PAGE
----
Patton

Patton (1970)

Ending / spoiler

(2 votes)

Due to a few comments at a press conference, he is relieved of his command of the Third Army by General Eisenhower. After receiving the news, he is approached by General Bradley, who lauds Patton for his efforts. Patton then takes his dog for a walk into fields of Bavaria, lamenting that "all glory is fleeting."

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Factual error: In one scene of the film, Rommel is shown wearing a swastika pin. Rommel was not a member of the Nazi party and refused to wear any Nazi insignia (outside of uniform symbols which contained it), instead he wore the traditional Prussian Iron Cross.

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General Omar N. Bradley: There's one big difference between you and me, George. I do this job because I've been trained to do it. You do it because you love it.

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Trivia: In real life, the infamous soldier slapping scene actually had a somewhat happier outcome. Patton berated the shell shocked trooper largely out of a combination of sleep deprivation (he'd been going for nearly 48 hours without rest) and the emotional turmoil of having so many troops wind up in the hospital due to his commanding decisions. Afterwards he went to a tent, slept for several hours, came back and apologized to the solider.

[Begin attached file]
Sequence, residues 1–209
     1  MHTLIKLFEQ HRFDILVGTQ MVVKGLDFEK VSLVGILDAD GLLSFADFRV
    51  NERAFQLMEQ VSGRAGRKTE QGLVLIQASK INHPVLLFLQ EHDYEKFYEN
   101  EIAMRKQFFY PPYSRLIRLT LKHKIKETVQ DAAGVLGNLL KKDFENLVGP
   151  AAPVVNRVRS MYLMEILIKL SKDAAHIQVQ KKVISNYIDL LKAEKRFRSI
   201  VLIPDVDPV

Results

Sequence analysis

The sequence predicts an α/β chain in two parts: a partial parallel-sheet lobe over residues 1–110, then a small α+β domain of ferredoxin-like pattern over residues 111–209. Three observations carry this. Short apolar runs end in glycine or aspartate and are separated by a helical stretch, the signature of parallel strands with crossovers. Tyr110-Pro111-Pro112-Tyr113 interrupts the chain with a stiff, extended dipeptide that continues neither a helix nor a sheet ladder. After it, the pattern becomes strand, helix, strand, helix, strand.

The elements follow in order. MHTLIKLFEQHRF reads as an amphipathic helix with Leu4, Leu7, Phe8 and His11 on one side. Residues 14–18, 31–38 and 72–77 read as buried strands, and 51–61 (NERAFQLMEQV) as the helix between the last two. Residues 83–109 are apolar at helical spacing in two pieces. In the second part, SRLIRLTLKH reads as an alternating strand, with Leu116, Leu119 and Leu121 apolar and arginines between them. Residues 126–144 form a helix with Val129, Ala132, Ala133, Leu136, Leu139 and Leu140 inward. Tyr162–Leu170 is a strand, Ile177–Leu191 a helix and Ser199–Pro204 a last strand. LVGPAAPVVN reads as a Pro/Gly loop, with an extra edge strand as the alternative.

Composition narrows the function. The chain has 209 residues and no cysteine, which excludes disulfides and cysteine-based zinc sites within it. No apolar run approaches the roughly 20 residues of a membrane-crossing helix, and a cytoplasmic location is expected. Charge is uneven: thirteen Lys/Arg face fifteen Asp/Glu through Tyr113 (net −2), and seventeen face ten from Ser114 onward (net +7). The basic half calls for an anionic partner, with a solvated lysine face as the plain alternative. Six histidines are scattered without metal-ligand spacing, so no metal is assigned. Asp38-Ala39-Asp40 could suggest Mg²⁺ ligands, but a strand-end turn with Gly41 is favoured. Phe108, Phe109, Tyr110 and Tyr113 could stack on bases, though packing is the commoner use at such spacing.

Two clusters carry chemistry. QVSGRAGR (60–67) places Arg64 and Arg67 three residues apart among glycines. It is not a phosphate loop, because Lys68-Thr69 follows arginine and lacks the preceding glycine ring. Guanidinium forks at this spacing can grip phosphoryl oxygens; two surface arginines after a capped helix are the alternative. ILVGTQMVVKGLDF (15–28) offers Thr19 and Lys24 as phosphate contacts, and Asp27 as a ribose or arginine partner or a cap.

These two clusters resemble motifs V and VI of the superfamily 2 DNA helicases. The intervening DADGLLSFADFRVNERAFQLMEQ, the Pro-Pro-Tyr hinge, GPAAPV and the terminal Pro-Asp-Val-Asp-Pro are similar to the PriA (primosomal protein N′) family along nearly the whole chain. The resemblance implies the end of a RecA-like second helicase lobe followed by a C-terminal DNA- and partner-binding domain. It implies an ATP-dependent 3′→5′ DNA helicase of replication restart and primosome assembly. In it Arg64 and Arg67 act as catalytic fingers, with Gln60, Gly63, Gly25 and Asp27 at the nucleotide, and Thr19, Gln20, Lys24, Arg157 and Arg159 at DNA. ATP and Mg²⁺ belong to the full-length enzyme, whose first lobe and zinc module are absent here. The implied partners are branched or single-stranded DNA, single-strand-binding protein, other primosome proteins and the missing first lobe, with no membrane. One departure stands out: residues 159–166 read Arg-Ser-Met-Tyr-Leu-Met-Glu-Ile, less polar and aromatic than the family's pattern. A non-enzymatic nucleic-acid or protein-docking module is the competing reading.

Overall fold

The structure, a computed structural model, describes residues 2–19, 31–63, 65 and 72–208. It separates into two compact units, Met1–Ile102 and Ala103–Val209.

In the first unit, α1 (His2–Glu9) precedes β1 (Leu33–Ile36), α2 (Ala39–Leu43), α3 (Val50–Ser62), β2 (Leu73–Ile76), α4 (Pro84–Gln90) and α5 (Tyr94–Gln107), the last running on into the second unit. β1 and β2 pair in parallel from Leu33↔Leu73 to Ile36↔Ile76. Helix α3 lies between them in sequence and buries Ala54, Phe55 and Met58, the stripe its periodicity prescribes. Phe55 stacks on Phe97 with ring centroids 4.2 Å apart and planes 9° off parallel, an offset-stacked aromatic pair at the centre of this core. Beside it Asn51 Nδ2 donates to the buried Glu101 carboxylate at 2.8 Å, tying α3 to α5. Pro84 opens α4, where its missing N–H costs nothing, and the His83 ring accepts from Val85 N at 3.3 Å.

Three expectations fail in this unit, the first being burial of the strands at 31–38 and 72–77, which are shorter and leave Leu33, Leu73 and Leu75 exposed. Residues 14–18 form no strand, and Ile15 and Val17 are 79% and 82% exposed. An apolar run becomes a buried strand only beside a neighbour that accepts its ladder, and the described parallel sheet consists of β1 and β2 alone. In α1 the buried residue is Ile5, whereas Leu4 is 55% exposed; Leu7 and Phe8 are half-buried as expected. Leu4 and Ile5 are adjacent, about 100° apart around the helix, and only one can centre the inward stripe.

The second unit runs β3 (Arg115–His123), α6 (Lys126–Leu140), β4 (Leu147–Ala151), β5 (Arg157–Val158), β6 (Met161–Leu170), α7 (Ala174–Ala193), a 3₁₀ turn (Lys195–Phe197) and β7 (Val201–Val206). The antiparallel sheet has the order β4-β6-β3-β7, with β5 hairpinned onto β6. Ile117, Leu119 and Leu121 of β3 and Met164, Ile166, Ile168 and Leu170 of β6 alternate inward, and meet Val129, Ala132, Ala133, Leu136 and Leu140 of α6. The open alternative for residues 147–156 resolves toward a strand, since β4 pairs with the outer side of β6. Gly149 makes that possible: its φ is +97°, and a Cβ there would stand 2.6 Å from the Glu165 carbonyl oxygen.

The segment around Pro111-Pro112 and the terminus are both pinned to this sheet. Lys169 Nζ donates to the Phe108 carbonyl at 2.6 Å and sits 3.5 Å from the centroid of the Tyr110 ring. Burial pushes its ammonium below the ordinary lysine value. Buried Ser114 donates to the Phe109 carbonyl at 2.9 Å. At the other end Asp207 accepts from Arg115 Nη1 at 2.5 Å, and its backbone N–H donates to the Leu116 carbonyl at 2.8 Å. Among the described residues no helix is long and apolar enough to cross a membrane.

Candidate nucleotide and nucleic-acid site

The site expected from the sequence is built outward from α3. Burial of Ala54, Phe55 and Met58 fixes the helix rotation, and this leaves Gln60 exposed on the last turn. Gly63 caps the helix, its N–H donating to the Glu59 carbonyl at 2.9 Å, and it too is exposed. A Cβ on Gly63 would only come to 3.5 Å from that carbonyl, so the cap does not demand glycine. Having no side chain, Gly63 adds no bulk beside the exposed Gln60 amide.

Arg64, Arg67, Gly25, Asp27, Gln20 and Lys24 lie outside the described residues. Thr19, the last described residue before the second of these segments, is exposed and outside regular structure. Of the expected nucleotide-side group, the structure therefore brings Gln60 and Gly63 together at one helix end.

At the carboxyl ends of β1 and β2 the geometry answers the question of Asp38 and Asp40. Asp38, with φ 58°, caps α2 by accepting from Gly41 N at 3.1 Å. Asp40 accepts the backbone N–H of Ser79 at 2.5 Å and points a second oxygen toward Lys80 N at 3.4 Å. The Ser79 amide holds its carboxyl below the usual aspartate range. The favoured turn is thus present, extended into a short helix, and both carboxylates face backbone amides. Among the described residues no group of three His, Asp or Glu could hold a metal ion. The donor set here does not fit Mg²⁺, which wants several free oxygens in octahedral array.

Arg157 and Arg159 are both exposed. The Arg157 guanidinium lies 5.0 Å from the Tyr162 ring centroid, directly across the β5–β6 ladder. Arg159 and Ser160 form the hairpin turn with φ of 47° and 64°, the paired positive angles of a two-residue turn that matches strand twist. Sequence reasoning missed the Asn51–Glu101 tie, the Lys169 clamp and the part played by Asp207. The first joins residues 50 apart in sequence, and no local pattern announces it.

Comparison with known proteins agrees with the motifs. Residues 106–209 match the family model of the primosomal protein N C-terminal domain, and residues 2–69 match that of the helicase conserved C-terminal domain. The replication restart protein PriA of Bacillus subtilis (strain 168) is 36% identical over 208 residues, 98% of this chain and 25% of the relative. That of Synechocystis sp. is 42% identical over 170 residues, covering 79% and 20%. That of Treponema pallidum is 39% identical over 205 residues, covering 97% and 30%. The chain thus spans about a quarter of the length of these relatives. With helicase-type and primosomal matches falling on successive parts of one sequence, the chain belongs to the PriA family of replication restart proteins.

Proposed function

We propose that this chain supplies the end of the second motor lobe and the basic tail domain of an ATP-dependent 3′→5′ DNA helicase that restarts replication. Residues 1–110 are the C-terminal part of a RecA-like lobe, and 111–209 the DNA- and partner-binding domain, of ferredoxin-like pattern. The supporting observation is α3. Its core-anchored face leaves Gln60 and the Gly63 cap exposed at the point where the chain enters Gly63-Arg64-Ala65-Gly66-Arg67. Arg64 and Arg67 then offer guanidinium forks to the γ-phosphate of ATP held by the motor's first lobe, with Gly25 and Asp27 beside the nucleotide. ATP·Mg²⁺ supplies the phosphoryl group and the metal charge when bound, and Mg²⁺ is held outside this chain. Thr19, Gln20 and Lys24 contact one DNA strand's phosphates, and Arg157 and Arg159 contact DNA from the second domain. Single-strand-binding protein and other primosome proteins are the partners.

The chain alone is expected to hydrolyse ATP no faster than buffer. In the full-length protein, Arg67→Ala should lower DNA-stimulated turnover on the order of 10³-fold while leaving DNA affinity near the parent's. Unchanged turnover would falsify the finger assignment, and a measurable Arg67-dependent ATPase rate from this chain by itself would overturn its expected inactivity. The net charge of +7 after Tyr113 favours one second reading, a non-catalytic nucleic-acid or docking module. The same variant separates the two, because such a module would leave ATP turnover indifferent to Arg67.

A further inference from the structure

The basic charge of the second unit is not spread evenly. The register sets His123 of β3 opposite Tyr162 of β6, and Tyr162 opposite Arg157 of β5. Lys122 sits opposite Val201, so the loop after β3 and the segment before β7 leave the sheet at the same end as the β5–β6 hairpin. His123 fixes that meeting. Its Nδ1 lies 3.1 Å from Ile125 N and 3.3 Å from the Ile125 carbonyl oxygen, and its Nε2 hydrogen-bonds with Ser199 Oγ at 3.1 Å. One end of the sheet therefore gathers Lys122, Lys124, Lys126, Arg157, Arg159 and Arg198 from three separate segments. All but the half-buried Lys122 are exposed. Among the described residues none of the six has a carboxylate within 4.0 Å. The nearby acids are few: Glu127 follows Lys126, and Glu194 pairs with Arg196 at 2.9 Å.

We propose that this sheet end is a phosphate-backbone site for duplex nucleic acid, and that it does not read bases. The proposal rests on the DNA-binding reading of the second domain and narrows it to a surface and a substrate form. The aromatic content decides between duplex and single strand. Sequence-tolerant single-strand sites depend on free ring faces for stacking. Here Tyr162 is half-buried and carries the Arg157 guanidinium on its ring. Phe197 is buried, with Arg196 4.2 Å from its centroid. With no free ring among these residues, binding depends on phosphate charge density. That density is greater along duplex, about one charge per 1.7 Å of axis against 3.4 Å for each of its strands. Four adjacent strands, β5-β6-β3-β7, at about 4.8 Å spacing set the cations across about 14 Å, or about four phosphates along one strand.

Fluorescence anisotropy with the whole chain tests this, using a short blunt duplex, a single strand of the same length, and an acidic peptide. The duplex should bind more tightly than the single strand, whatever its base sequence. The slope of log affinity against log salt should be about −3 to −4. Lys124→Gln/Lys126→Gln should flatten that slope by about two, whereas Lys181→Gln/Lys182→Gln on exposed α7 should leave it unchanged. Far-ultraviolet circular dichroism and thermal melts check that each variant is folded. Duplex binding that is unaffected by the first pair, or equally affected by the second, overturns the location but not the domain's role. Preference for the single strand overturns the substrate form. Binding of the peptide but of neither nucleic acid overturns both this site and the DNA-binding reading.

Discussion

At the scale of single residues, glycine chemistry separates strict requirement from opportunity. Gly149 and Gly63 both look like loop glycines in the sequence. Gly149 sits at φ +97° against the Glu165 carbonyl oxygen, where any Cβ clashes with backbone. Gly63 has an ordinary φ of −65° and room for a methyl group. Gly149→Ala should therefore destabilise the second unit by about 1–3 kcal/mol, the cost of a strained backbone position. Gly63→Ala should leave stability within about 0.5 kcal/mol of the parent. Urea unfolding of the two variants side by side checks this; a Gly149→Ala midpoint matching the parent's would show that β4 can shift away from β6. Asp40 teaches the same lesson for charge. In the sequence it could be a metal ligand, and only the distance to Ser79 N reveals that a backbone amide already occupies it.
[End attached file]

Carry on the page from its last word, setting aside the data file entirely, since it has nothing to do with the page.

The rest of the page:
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Question: During the slapping, what did George mean when he said send him up to the front?

Answer: "The front" means the front line, i.e., where the enemy is being engaged. He's saying that since the soldier isn't physically injured, he should be fighting, not (as Patton sees it) being a coward and shirking his duty.

Answer: He meant that he intended to send the soldier back to his unit where the main fighting with the enemy is taking place. This is referred to as "the front."

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